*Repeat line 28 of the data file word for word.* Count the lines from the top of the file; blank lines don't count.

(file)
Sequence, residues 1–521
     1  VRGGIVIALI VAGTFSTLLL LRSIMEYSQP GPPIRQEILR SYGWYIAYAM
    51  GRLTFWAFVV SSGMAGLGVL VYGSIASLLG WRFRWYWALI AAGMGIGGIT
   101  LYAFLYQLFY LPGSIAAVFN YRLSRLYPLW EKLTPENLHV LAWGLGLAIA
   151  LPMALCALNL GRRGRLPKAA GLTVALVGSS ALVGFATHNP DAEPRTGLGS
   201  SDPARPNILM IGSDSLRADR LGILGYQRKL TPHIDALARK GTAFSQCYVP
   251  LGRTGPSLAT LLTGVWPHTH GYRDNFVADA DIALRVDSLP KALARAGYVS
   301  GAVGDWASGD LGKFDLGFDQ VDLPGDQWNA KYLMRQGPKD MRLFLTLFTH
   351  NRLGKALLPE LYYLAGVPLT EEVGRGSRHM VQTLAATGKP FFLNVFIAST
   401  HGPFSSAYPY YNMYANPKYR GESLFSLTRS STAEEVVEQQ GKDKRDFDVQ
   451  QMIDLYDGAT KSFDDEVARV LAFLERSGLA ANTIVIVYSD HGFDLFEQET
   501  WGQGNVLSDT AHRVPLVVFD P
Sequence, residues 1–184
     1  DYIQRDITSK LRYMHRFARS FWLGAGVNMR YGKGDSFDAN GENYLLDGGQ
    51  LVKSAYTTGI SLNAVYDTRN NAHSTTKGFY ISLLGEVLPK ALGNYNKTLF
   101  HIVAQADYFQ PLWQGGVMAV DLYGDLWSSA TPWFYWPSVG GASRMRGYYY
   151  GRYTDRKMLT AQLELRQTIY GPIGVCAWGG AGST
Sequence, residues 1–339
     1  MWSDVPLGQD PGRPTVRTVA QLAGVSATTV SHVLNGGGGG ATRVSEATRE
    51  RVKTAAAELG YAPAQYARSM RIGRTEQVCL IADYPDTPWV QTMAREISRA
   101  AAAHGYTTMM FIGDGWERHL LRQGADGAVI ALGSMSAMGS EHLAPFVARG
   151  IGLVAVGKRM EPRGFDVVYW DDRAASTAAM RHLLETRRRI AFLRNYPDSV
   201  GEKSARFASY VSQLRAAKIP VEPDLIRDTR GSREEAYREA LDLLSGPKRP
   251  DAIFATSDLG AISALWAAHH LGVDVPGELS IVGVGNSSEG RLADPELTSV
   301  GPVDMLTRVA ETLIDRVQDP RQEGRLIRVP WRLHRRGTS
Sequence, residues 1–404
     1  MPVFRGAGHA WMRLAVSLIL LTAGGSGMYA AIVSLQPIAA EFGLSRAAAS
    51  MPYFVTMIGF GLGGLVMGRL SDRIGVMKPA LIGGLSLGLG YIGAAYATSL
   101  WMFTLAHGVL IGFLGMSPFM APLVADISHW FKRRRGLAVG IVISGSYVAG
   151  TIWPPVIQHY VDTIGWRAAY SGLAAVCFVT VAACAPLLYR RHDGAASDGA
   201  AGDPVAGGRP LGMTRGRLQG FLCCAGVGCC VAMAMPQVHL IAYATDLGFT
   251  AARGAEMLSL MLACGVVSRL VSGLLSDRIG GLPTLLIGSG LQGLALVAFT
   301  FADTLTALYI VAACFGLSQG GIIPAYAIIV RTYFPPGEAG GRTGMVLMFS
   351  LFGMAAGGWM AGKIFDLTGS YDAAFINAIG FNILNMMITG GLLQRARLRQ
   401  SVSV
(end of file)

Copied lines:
    51  MPYFVTMIGF GLGGLVMGRL SDRIGVMKPA LIGGLSLGLG YIGAAYATSL